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NASA probing Antares rocket crash during lift-off in Virginia

October 29, 2014, 9:44 UTC+3 NEW YORK
The Cygnus, equipped with an AJ-26 engine, a rebuilt version of Soviet NK-33, was to deliver to the International Space Station (ISS) more than 2 tons of payload
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© EPA/NASA/JOEL KOWSKY

NEW YORK, October 29. /TASS/. The National Aeronautics and Space Administration (NASA) is investigating the cause of the explosion of the Antares rocket with the US cargo spacecraft Cygnus during the blastoff from the Wallops Island launch facility in Virginia.

The unmanned Antares rocket exploded seconds after liftoff at 22:22 GMT on Monday (01:23am Moscow time on Tuesday).

The Cygnus, equipped with an AJ-26 engine, a rebuilt version of Soviet NK-33, was to deliver to the International Space Station (ISS) more than 2 tons of payload, including food, equipment and materials for scientific experiments.

Frank Culbertson, the vice president of the Orbital Sciences company that manufactured the Antares rocket, said at a press conference on Wednesday that an investigation board has been formed to determine the cause of the incident.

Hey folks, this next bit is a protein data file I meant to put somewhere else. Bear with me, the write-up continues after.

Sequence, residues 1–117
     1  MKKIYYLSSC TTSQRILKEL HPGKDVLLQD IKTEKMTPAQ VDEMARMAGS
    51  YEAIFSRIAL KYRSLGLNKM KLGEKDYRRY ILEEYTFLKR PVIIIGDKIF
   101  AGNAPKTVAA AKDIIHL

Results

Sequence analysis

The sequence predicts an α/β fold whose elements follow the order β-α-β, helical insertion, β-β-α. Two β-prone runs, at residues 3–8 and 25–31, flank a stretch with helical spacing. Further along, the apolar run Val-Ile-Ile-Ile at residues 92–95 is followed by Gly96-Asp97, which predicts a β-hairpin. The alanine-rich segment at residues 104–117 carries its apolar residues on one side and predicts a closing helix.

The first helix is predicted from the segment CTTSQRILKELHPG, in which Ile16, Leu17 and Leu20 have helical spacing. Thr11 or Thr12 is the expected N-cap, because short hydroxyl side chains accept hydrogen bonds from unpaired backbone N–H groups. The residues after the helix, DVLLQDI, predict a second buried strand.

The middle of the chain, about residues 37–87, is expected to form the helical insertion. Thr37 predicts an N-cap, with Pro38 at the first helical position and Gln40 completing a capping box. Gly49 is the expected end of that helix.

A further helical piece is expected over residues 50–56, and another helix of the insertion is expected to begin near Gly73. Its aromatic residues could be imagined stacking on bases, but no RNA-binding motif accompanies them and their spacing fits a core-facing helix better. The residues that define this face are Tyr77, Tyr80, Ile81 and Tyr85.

The Antares engine had earlier passed all the necessary testing, including in Russia, which found no problems, Culbertson said. “It is far too early to know the details of what happened,” the company’s statement also quoted Culbertson as saying. “We will conduct a thorough investigation immediately to determine the cause of this failure and what steps can be taken to avoid a repeat of this incident,” he said.

A team of experts is due to arrive on the island later on Wednesday.

Culbertson said the explosion has no harmful impact on the environment, as the Antares rocket was designed to burn a mixture of liquid oxygen and kerosene shortly after the launch.

The US space agency said in a statement NASA “will continue to move forward toward the next attempt once we fully understand today's mishap.”

The crew of the ISS, a $100 billion research laboratory owned and operated by 15 nations, is in no danger of running out of food or other critical supplies.

“Launching rockets is an incredibly difficult undertaking, and we learn from each success and each setback. Today's launch attempt will not deter us from our work to expand our already successful capability to launch cargo from American shores to the International Space Station,” NASA said.

The Orbital Sciences company said it will resume rocket launches only after the causes of the blast are found.

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